What's all this fuss about?

Latin lyrics in Heavy Metal music are a common phenomenon. The darker the music, the more evil the band wanna be. What's better than using an old, mysterious, hardly understandable, cryptic, medieval and therefore almost satanic language? Unfortunately bands seldom know how to use this language properly. So, instead of evoking the demons of the realm of evil, they just evoke a hop-frog. Clatu verata nicto! - The most of you know what happened after this wrongly spoken spell.

Normally, two questions are the result of the fact that you've just read a latin phrase:
- What does it mean? (almost everybody)
- Is it correct? (just a few latin aficionados)

This page doesn't want to make fun of mistakes in latin lyrics. I wanna answer the first question to everybody who is interested. The second question is just for myself or for the two or three weird guys out there or for bands which are thinking about using a latin phrase as well. You can contact me if you want.

Samstag, 27. Juli 2013

Fleshgod Apocalypse - Agony

 Fleshgod Apocalypse - Agony (2011)

Fleshgod’s music isn’t metal for the masses. Their mix of classic orchestration and insane and complex death metal is quite demanding. So are their lyrics, the English as well as the Latin ones. They don’t content themselves with screaming words like “sathanas”. They dig deaper into ancient books. Some of the phrases are very well-known, some I didn’t found in classical textes, so I guess that they wrote it by themselves. Hats off!

~ The Imposition ~

Semper avarus eget et hostis humani generis est
He who is always greedy lives in want and is an enemy of the human race

Impunitas semper ad deteriora invitat
Impunity always invites to greater crimes.

Parcere subiectis (et) debellare superbos
To spare the subdued and war down the proud 
This is a quote of Vergil’s Aeneis, Book 6, Verse 853, where (in the underworld) the dead Anchises reveals the future and destiny of Rome to his son Aeneas.

Ab uno disce omnis
From one, learn all/ the whole 
Again a quote of the Aeneis, Book 2, Verge 65. Here, the whole phrase talks about the Trojan Horse.

Fiat iustitia et mundus pereat
Let there be justice, though the world perish 
This was the motto of Ferdinand I, the Holy Roman Emperor of 1558.

~ The Deceit ~

Discete aut disce quam ubi non accusator, ibi non judex
Learn (plural) or learn (singular) that there is no jugde where is no accuser. 
(Although discite would be the correct imperative plural)

Si vis pacem para bellum, cur qui tetigerit picem inquinabitur ab ea
If you want peace, prepare for war, because he who touched pitch, will be besmeared by it

Impares nascimur, pares morimur, ergo iustitiam quaerimus, rem omni auro cariorem cur pulvis sumus et in pulverem reverterimus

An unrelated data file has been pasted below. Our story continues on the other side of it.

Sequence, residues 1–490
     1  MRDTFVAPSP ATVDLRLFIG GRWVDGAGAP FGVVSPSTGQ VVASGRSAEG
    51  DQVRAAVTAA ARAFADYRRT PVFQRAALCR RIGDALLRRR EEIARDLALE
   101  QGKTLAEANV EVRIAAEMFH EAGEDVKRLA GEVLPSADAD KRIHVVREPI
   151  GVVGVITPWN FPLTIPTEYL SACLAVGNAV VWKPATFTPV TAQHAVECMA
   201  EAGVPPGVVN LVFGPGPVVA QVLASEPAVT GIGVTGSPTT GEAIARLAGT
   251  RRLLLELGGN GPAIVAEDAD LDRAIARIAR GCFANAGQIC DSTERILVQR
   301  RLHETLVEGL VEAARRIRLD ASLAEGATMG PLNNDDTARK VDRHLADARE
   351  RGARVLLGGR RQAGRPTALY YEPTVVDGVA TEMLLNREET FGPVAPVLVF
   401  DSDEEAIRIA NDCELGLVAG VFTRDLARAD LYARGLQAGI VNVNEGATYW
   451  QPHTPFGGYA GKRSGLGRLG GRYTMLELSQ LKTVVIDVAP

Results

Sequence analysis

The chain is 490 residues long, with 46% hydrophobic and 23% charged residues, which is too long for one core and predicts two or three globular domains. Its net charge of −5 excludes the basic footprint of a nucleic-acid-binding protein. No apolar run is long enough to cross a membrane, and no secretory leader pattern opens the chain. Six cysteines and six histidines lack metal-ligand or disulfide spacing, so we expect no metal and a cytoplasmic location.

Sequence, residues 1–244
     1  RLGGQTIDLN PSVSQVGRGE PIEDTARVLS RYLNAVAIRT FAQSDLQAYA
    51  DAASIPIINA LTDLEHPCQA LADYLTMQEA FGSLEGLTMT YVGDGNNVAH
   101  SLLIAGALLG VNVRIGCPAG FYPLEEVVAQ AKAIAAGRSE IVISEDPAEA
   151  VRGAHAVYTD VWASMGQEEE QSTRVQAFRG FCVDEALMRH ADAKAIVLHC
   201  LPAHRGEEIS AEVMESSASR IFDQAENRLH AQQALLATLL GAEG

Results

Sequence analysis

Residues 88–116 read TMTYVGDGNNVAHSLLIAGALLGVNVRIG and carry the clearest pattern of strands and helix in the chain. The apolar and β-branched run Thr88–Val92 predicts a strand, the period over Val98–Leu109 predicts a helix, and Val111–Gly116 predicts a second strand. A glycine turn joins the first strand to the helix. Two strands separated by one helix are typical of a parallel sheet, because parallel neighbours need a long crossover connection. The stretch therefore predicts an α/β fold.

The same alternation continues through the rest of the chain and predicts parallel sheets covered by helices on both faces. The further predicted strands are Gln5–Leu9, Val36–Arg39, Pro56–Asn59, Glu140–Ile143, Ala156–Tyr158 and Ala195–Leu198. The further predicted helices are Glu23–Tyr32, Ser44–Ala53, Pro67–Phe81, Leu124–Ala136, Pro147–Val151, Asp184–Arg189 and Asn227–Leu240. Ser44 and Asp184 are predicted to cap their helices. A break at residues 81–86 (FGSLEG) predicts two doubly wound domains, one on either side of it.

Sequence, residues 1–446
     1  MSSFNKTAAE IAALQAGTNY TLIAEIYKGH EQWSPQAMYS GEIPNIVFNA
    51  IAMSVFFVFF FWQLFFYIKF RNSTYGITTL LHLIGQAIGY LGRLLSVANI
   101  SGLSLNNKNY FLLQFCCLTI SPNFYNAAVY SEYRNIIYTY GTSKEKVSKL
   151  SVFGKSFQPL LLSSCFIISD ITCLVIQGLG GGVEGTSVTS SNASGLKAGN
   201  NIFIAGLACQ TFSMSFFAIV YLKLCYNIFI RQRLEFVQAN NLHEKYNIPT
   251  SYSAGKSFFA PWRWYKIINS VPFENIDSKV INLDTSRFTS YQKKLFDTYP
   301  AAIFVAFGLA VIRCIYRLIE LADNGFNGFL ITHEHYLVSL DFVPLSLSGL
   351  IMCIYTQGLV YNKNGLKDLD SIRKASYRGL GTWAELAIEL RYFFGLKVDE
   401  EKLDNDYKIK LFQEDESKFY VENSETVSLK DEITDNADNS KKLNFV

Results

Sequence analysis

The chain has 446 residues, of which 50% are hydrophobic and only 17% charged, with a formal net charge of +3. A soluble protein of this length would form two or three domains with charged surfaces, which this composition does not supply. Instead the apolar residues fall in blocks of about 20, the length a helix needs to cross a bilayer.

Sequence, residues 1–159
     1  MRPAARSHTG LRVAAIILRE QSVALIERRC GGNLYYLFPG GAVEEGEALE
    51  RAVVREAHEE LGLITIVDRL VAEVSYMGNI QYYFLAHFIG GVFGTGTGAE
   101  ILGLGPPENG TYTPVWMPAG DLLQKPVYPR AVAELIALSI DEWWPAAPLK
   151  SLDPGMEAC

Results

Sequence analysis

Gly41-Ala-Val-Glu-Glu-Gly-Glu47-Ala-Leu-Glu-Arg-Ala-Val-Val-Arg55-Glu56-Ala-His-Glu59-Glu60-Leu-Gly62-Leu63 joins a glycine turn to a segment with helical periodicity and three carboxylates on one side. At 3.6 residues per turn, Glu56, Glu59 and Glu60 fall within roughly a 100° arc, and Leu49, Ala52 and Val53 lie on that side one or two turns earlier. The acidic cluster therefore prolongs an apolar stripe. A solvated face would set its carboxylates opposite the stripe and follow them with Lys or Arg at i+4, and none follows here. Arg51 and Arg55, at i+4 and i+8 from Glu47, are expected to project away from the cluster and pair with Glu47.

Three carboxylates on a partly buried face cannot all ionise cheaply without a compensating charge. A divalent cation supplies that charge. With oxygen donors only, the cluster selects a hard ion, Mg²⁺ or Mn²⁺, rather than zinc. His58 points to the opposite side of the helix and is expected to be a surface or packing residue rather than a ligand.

Unequal we are born, equal we die, so we seek justice, which is more valuable than gold, because we are dust and to dust we turn

~ The Egoism ~

Si vitam inspicias hominum, si denique mores, cum culpant alios: quia nemo sine crimine vivit
If you look at the men’s lives, or at least at his manners, (see, that) everyone has a skeleton in the closet, although he blames the others
This is a poem from the Distichs of Cato (the Elder, 234 -149 BC). In fact, the collection of Roman proverbial wisdom is older and not originally written by Cato. Fleshgod filled in the word quia – because. This doesn’t make any sense, because it turns the only main clause into a subordinate clause and it destroys the hexameter. But I don’t want to blame the others!

~ The Oppression ~

Quis habet fortius certamen quam qui nititur vincere se ipsum?

Who is forced to struggle more than he who tries to master himself?
Thomas à Kempis - The Imitation of Christ, Book I,3

Keep on rockin’, FG and see you in the “Labyrinth”.

Donnerstag, 25. Juli 2013

Powerwolf - Preachers of the Night

Powerwolf - Preachers of the Night (2013)

~ Coleus Sanctus ~

When I first read the title, I thought "What the f***?"  The title means Holy balls. (Althought the plural form Colei Sancti would have been better - Holy ball isn't that masculine) But then I checked the whole lyrics and saw that my first impression was right and that their lyrics are quite funny and ironical.

Coleus Dominus Sanctus Animus
Coleus Sanctus
Coleus Dominus Sanctus Animus

Balls Lord Holy Spirit
Holy Balls 
Balls Lord Holy Spirit

~ Kreuzfeuer ~

Ave deus animus - O Lord soul
Credo peccatoribus - I believe in the sinners
Sanctus iesus dominum - Holy Jesus Lord
Cantus mortus filium - The dead son's song (?)
(I guess, the grammar isn't correct)

Mater deus oremus - Let's pray the the Lord's mother
Omnis malus impetus - the whole evil attack/ urge
Sanguis virgo saeculum - Blood virgin century
Sanctus lupus dominum - Holy wolf Lord
(again, not every ending is correct)

~ Extatum et oratum ~

Peccatum - sin
Cantatum - sung, song
Extatum et oratum - ecstasy (???) and prayed
Peccatum cantatum nomine - sinful song by the name
Patrum - of the fathers
Nomine patrum- by the name of the fathers
(here, the most of the forms have endings without any sense in this context, but it sounds funny...)